The Golden Age - Demo
Bill Cummings 25/09/2005
What has Sheffield ever given the world? Steel works? The Full Monty? Pulp? A Cricket Captain (Michael Vaughan) who can actually guide The England team to victory in the Ashes? Yes, all of those things. But now it's giving us a fistful of great diverse and interesting bands. Whether it's the rush of the female fronted post punk-pop of The Long Blondes, the shambling jangling melodies of Bromhead's Jacket and Umlaut or the sheer unmistakable tunesmithery of The Harrisons, the Sheffield music scene seems to be bursting at the seams with great music. Christ, even the NME is on board now (a year behind GIITTV zine, I might add). What's so great about the Sheffield scene is that each band is different: this isn't a bandwagon, it's a set of fiercely independent and exciting bands. The Golden Age are another example of the brilliance that Sheffield is currently pouring forth, like hot molten lather all over the banality of the likes of Keane, Snow Patrol, Coldplay and Blunt.
The Golden Age inhabit and expose the darker underbelly of Sheffield life: nights out getting pissed on White Lightning, fumbles in the dark and the hope and despair that goes with living in their home town. They create a sound that resides somewhere between the melodic tenacity of Morrissey's solo work, and Suede's dark, sexually glamorous indie.
The precocious melody to opener Flouxetina sounds oddly like “Have You Seen Her” by Chilights (Or MC Hammer, depending upon your era) being twisted as the brand of antidepressant is given duel meaning of as a lovelorn melody (“Oh Flouxetina/Have you seen her/Have you been there?”). This is reminiscent of the way Brett Anderson used to use metaphors and elude to double meanings within his lyrics for example Animal Nitrate contained allusions to the sexual, and narcotic.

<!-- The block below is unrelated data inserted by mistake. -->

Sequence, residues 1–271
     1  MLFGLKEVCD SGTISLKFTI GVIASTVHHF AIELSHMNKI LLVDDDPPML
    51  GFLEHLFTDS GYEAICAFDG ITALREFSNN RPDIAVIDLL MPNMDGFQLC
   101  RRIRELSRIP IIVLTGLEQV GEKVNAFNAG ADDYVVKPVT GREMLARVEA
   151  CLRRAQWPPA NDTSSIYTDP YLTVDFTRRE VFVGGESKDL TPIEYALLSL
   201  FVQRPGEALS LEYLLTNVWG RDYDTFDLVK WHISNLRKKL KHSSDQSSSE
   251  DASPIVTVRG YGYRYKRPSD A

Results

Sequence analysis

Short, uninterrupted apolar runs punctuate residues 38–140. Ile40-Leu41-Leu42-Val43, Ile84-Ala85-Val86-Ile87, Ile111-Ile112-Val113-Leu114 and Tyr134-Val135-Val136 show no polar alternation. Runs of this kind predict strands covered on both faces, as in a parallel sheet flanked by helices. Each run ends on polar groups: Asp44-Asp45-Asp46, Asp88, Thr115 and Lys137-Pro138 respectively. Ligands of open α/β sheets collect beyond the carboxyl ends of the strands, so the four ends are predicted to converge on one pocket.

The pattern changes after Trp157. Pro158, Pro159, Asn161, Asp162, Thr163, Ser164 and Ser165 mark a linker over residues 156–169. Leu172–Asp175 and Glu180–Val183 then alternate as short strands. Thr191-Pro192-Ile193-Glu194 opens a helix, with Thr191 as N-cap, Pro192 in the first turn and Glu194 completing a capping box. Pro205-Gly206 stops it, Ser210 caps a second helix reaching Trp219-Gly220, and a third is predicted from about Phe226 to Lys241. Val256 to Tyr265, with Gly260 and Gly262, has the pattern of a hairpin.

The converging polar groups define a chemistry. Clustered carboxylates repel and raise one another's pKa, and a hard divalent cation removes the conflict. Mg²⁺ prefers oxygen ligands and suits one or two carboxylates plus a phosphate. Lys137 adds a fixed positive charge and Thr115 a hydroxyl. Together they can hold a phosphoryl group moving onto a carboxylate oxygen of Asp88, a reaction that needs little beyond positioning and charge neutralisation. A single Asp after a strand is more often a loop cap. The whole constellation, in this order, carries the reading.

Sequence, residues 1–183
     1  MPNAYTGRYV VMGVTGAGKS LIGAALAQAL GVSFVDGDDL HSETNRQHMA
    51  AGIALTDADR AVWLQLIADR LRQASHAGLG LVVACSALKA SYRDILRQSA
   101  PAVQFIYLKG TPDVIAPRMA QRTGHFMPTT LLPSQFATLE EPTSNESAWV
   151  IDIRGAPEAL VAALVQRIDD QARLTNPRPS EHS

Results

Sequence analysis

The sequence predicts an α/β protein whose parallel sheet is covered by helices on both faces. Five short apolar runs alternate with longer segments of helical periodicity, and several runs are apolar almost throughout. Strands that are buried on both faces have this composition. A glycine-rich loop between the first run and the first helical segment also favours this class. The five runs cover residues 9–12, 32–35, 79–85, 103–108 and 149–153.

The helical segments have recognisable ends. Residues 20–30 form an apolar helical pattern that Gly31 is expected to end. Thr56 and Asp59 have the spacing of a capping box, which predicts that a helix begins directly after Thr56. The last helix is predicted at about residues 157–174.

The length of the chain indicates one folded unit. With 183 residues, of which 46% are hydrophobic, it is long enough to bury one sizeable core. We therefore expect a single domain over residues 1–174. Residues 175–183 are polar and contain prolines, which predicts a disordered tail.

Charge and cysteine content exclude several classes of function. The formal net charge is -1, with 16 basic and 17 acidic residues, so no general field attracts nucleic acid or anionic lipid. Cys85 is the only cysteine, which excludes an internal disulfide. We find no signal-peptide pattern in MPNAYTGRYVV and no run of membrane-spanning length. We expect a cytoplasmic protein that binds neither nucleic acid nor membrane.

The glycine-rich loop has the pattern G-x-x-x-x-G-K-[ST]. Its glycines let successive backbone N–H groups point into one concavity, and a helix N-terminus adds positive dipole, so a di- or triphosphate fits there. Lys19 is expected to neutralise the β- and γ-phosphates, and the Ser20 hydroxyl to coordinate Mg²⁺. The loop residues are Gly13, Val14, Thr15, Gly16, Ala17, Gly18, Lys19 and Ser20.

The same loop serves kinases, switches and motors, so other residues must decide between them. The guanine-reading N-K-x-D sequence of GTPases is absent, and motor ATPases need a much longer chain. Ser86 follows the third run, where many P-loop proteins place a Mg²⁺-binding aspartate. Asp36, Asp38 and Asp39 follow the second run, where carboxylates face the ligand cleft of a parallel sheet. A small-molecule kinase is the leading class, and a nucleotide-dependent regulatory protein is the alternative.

“Used To Be A Stripper” has elements of The Futureheads in its stop-start verse and funky bass and angular serrated guitars, it then rips forth into a soaring chorus worthy of one Stephen Patrick Morrissey.
Last up is the rather witty “Girl You Like Cock Too Much” it's a sleazy tale of girl who puts out too much, insistent guitars push along the whimsical Morrisseyisms of the vocal, the pre chorus brings a chortle (“You can suck a golf ball through a garden hose!”) before unveiling a tuneful chorus and sparky riff.
This is just a demo so it has its rough edges. Maybe the vocals could be higher in the mix and the sound could be polished, but I won't nitpick. This shows enough potential to expect The Golden Age to strike forth, and conquer. They say it best themselves: Sheffield is where they “grew up, it is here that they live and it is from here from which The Golden Age draws its inspiration.”